People feel happiness in different ways—and one possible factor is how much money they make, according to new research. People with higher incomes tend to feel more positive emotions focused on themselves, say researchers, while those who earn less take greater pleasure in their relationships with other people.
The new study, published in the journal Emotion, isn’t the first to call into question the idea that making more money leads to greater happiness. But it’s unique in that it looked at different types of happiness—and how social class might affect them—using surveys of more than 1,500 adults from diverse backgrounds all across the U.S.
People were asked about their household income and also answered questions designed to measure how often they experienced seven emotions considered to be the core of happiness: amusement, awe, compassion, contentment, enthusiasm, love and pride. Some of those emotions, like contentment and pride, tend to focus inward on one’s self, the authors say. Others—like love, compassion and awe—tend to focus on outside people, things or the surrounding environment.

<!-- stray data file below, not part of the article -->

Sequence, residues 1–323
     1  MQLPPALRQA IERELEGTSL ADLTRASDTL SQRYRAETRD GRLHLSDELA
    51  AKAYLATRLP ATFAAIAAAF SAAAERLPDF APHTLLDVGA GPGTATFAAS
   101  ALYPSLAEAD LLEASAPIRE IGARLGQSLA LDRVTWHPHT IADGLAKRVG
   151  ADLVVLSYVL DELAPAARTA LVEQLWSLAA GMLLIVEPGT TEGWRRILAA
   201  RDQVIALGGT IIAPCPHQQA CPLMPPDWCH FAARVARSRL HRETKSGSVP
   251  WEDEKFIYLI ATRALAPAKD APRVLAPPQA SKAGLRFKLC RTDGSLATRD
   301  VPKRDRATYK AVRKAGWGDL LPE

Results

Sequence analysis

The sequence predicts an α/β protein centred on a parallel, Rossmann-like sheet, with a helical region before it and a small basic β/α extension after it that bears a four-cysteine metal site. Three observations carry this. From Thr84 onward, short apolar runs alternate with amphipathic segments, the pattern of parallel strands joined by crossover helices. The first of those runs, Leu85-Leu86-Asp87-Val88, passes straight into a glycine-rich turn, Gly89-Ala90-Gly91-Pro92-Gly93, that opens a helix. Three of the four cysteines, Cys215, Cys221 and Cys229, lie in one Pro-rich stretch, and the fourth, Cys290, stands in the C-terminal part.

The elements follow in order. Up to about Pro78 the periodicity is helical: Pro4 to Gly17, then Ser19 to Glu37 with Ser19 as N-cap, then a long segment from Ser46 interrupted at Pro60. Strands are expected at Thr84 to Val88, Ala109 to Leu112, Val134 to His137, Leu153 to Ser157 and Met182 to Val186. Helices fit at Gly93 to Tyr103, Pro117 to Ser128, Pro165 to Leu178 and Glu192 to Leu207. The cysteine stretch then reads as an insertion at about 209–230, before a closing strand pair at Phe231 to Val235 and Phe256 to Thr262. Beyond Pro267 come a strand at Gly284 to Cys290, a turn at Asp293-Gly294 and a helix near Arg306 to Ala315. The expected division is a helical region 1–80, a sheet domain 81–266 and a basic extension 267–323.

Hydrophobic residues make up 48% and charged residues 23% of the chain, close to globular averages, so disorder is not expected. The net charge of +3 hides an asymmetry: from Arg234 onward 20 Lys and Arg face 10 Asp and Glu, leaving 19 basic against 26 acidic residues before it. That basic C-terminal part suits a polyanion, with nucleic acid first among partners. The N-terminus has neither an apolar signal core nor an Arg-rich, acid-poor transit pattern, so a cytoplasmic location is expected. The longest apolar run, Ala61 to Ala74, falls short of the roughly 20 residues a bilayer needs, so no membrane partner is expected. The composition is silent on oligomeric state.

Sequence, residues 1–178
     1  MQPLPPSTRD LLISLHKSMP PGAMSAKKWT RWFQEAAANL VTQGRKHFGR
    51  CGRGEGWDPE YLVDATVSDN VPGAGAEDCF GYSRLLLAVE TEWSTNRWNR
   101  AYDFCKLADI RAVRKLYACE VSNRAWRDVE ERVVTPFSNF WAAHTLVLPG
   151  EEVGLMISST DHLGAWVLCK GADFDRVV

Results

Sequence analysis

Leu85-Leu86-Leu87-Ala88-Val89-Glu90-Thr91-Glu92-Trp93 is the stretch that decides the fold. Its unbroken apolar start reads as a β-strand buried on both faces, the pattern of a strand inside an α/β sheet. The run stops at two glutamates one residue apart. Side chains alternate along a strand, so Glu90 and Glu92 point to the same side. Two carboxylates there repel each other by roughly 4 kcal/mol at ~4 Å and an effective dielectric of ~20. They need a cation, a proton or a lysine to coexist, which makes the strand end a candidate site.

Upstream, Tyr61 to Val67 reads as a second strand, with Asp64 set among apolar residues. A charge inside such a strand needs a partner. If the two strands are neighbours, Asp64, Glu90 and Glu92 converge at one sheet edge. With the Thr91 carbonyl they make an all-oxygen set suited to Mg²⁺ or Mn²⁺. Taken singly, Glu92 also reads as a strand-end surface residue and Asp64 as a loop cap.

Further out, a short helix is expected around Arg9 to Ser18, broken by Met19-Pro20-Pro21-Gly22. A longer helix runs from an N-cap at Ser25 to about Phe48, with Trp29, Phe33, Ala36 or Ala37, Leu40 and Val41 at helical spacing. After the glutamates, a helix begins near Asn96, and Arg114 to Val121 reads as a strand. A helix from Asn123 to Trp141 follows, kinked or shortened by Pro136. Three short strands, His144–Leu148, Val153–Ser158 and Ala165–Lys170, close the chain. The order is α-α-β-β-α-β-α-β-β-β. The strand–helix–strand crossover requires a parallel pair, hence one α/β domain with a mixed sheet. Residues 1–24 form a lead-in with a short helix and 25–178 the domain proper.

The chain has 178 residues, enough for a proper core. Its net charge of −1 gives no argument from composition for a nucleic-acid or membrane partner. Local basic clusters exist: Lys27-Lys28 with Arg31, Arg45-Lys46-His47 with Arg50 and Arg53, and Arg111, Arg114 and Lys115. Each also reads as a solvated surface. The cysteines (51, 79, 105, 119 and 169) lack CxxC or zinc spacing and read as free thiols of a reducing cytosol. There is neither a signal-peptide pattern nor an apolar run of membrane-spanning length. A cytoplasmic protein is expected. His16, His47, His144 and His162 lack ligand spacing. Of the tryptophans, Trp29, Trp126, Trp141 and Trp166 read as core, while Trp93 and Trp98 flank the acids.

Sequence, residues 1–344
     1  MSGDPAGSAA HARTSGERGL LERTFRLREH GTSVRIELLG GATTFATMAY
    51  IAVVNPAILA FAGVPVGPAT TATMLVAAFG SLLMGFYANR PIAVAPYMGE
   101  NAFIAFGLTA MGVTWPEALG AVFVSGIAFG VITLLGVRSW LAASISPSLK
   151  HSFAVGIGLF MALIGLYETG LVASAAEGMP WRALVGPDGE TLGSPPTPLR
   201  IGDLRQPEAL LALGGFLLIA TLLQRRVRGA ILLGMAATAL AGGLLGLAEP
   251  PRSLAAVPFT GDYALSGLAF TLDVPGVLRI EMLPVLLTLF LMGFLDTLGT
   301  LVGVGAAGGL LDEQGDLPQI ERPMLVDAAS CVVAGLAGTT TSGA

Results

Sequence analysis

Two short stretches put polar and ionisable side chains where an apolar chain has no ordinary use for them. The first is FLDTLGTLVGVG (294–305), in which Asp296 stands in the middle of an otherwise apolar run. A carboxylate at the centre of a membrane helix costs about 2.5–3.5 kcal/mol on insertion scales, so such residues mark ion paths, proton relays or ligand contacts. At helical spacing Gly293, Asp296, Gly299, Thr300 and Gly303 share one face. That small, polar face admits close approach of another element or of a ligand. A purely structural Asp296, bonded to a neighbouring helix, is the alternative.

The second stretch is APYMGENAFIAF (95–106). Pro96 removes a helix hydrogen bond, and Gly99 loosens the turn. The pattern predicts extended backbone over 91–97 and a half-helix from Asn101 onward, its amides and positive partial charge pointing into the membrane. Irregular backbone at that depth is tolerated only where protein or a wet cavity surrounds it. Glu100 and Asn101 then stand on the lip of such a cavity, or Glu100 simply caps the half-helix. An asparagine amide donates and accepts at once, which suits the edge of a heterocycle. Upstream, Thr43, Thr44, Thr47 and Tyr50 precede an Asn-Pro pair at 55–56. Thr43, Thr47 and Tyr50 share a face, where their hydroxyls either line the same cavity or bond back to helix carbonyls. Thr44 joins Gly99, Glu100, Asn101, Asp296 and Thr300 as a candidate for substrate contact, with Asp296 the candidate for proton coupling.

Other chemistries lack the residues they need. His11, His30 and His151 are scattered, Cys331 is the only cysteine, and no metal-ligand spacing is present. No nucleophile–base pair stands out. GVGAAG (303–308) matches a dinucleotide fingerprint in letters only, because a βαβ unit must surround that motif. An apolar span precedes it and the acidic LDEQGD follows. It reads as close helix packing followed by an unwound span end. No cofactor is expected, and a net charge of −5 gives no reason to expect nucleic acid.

When the researchers compared survey responses of the highest earners to those of the lowest, they found a significant difference: Wealthier people experienced more contentment, pride and amusement, while poorer people reported more love, compassion and being more awed by the world around them. Both groups experienced enthusiasm at the same levels.